The Musée d’Ethnographie de Genève will present a hitherto unseen collection of autochthonous Australian artworks from May 19, 2017, until January 7, 2018. Titled L’effet boomerang. Les arts aborigènes d’Australie (The Boomerang Effect: The Aboriginal Arts of Australia), the exhibition examines the origins of an art tradition that is deeply rooted in its ancestral territory and exists in osmosis with nature. A series of utilitarian objects and artifacts, including boomerangs, spear throwers, clubs, message sticks, etc., demonstrate aspects of Aborigine daily life. Captivating mythological tales and accounts allow insight into their philosophy and spirituality. Using artworks ranging from acrylic paintings of the 1970s to those produced by the Ghost Net Art Project, which started in 2004, the exhibition presents a journey through time from 60,000 years ago to the present, tracing the Aboriginal quest for identity. Rather than being simply aesthetic or utilitarian, the art represents struggle and has a militant dimension.
POWERMASK - The Power of Masks
"The Antwerp fashion designer Walter Van Beirendonck has been fascinated with the phenomenon of masks since the 1980s and incorporates them into his fashion collections. The Wereldmuseum gave him a free hand to present his vision of the phenomenon of masks. A mask transforms your persona, conjures up a certain atmosphere, and has an immediate impact. POWERMASK delves more deeply into masks and their various facets, such as the historical links between Western art and African masks, the supernatural and rituals surrounding masks, and the uses of masks in fashion and fetishes." On the occasion, Coco Fronsac worked on several photos of the founder of the Wereldmuseum. The exhibition is accompanied by the richly-illustrated book POWERMASK: The Power of Masks.
Jack London in the South Seas
In this exhibition, the Musée d’Arts Africains, Océaniens, Amérindiens (MAAOA) offers you to explore author Jack London’s remarkable adventure at sea. Accompanied by his wife, Charmian, and crew aboard his ketch, the Snark, he traveled throughout the Pacific Islands between 1907 and 1909. The trip served as inspiration for many of his novels and short stories, but he also collected artworks from and took photographs of his various ports of call. The exhibition looks at these widespread archipelagos and the cultural diversity and artistic abilities of the faraway peoples who inhabit them. In addition to objects from London’s personal collection, it presents a fine selection of Oceanic artworks from the MAAOA’s collection and from those of other museums with specialized collections of tribal art. Excerpts from Charmian London’s journals enhance the presentation, as do movie clips by Martin Johnson, the cook and mechanic aboard the Snark, who later became a filmmaker. A documentary on Jack London by Michel Viotte completes the portrait of this exceptional man.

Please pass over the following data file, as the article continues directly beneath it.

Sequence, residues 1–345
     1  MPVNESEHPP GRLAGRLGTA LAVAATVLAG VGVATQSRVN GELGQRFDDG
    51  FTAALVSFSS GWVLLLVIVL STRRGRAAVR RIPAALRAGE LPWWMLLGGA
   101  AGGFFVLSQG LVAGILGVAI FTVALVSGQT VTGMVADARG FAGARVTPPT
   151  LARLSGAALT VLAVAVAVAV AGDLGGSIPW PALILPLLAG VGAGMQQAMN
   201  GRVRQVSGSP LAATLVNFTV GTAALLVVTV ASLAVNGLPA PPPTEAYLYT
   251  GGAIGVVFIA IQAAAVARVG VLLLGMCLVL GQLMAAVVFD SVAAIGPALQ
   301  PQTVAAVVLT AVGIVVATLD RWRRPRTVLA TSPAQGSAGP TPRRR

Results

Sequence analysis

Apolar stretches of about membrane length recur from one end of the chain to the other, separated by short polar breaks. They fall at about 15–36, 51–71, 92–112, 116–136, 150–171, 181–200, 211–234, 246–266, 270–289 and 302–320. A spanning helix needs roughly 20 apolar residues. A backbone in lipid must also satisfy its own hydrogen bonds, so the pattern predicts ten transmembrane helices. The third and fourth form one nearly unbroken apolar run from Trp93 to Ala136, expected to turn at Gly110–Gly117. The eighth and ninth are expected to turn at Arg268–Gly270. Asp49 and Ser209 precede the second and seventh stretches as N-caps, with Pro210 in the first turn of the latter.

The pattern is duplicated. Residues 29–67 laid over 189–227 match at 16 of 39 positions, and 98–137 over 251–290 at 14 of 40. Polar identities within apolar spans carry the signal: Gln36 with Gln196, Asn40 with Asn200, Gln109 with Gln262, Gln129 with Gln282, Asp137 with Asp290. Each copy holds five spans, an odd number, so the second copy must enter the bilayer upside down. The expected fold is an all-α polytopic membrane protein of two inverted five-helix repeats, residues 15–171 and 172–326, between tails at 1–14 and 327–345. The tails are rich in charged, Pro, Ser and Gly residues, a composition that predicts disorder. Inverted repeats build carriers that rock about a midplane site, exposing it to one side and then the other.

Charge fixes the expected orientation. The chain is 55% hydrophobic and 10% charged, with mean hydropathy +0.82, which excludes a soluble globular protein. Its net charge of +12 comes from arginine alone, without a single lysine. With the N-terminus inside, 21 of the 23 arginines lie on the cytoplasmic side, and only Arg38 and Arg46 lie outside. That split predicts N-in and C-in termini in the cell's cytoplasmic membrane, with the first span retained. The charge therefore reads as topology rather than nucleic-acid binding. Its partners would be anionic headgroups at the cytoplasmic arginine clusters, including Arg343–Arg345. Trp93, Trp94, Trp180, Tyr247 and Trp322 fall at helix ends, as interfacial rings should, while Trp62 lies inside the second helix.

The Musée de l’Homme in Paris is showing an exhibition titled "Dialogue photographique: Jean Rouch and Catherine de Clippel", which offers an opportunity to compare views of Africa by two photographers who were interested in the same regions, cultures, and subjects, but at different times. Jean Rouch’s photos were shot between 1946 and the 1970s while Catherine de Clippel’s were taken this decade. Both present an Africa in a perpetual state of movement. Rouch (1917–2004) was an ethnologist, photographer, and filmmaker, who also was a privileged and sensitive witness to the evolution of African societies. His photos, which he often took to document his ethnographic expeditions, depict a variety of subjects including lion hunters, Songhay magic in Niger, and Dogon subjects in Mali. De Clippel is a photographer, documentary film director, and producer. Her work is centered primarily on animist practices both in rural and urban environments in Africa, as well as in Brazil and Venezuela. The exhibition has five thematic sections: Rituals and Possession, Mourning, Traditional Hunting, Colonial Africa, and Independence and Modernity.